Early in May 1930, Picasso was horrified to discover that a number of early works he had left in the family’s Barcelona apartment for safekeeping had been stolen and were being offered for sale on the Paris market. After realizing the extent of the theft—391 drawings and ten paintings—he brought a lawsuit against the perpetrators… The fight to get his early work back would last eight years. It would stir up a storm of animosity and set Picasso against his mother and his sister’s family in Barcelona…
“How well I understand,” Picasso concluded, “why papas and mamas tell their children to stop scribbling on bits of paper. The brats don’t realize the difficulties this will create in the future.” — John Richardson, A Life of Picasso*
The exhibition PICASSO AND PAPER explores the artist’s manipulation of the medium, bringing together his prints, studies, collages, letters, illustrated poems, photographic collaborations with Dora Maar, and endless drawings—on artist’s paper, on newsprint, on napkins, “scribbling on bits of paper.”
At the center of the film is this idea that there is no muse, or that it’s a beautiful word for hiding the reality of how women have been collaborating with artists. I wanted to portray the intellectual dialog and not to forget that there are several brains in the room. We see how art history reduces the collaboration between artists and their companions: before, a muse was this fetishized, silent, beautiful woman sitting in the room, whereas we now know that Dora Maar, the “muse” of Picasso, was this great Surrealist photographer. And Gabrièle Buffet-Picabia, the companion of Picabia, was intensely involved in his evolution…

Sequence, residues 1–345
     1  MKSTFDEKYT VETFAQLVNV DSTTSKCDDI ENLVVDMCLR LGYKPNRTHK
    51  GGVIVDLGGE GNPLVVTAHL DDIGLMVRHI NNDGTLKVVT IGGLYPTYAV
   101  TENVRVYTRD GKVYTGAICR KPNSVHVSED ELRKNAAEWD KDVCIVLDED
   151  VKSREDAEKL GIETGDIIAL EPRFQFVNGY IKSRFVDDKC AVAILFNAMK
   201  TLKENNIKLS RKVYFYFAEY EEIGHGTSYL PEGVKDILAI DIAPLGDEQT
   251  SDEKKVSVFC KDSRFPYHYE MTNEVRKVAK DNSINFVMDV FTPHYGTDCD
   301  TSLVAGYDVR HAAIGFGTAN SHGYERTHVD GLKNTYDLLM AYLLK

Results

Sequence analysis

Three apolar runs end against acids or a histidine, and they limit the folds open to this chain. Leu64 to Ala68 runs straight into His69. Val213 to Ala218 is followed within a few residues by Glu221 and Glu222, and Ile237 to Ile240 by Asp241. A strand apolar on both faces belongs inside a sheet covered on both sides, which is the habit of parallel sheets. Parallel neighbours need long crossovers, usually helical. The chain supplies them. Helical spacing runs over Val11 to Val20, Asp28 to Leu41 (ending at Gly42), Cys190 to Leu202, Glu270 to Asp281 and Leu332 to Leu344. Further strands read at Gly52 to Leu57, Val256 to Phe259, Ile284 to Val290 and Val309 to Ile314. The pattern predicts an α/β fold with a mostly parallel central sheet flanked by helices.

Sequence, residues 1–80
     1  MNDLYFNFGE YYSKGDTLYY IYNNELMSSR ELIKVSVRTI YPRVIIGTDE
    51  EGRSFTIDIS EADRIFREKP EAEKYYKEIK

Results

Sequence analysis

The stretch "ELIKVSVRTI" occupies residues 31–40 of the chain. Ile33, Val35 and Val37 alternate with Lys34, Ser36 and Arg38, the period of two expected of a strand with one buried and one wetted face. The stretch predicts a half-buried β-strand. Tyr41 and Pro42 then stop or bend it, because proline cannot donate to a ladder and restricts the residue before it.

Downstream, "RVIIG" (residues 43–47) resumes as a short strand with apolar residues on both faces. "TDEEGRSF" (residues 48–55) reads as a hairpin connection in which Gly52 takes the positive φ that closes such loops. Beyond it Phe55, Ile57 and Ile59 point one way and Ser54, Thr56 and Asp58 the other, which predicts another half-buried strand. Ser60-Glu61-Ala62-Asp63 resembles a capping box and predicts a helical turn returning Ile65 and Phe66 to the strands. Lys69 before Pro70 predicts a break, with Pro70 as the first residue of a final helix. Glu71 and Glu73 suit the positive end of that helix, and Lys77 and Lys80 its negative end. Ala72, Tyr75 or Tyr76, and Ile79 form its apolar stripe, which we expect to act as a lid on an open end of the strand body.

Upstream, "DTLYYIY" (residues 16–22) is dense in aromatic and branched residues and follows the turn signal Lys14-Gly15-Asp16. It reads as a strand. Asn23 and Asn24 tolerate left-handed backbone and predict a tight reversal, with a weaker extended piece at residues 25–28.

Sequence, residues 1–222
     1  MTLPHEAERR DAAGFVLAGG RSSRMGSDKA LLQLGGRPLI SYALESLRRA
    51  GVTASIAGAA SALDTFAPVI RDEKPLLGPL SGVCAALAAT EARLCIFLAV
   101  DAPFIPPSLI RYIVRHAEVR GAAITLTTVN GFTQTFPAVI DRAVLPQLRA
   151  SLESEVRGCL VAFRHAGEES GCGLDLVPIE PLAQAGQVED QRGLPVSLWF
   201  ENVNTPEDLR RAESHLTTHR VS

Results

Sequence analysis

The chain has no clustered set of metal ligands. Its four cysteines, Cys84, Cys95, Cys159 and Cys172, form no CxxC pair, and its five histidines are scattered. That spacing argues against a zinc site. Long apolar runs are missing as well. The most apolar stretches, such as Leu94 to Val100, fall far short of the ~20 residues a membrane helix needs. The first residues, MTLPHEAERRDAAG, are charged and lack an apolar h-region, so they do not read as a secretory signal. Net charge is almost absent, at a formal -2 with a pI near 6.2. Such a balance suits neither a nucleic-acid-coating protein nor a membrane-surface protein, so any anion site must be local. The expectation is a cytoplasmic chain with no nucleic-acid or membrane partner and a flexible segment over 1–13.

I wanted to portray the reality of that in the process of actually making a film in strong collaboration with my actresses. — Céline Sciamma, writer and director of PORTRAIT OF A LADY ON FIRE
Sciamma and her stars—Noémie Merlant and Adèle Haenel—are in town to present a special screening of PORTRAIT OFA LADY ON FIRE, followed by a Q & A. Three days later, the writer-director will present an encore screening.
Violence is what pleases me most—I feel at ease in it—I adore frightening people… but after I have atrocious fears… if I do not succeed in expressing myself in violence (in a civilized manner if possible) depression and self-destruction appear. — Louise Bourgeois*
Among the commonalities—and there are more than a few—shared by Louise Bourgeois and Pablo Picasso: they both had long, protean artistic careers marked by very strong late period work focused on eroticism and intimacy, often in the form of “the couple.” This point is examined with great sensitivity in the exhibition catalog LOUISE BOURGEOIS & PABLO PICASSO—ANATOMIESOF DESIRE, a masterpiece of scholarship and visual documentation published by Hauser & Wirth in coincidence with the eponymous Zürich exhibition.
Edited by Marie-Laure Bernadac, the show’s curator, the volume presents extensive, beautifully reproduced “intentional pairings” of the artists’ work as well as writings by curators (Émilie Bouvard and Bernadac), a psychoanalyst (Gérard Wajcman), and Bourgeois’ assistant and closest confident during the last thirty years of her life—Jerry Gorovoy.
Of particular interest are essays by Picasso’s granddaughter, the art historian and curator Diana Widmaier Picasso (“Pregnant Woman: In the Work of Louise Bourgeois and Pablo Picasso”) and Ulf Küster (“Femme couteau—Thoughts on an Idea in the Oeuvre of Louise Bourgeois”), the curator whose Fondation Beyeler exhibition A l’infini (2011)—a show of Bourgeois’ sculptures in conversation with work by Fernand Léger, Francis Bacon, Alberto Giacometti, and Picasso—inspired ANATOMIES OF DESIRE.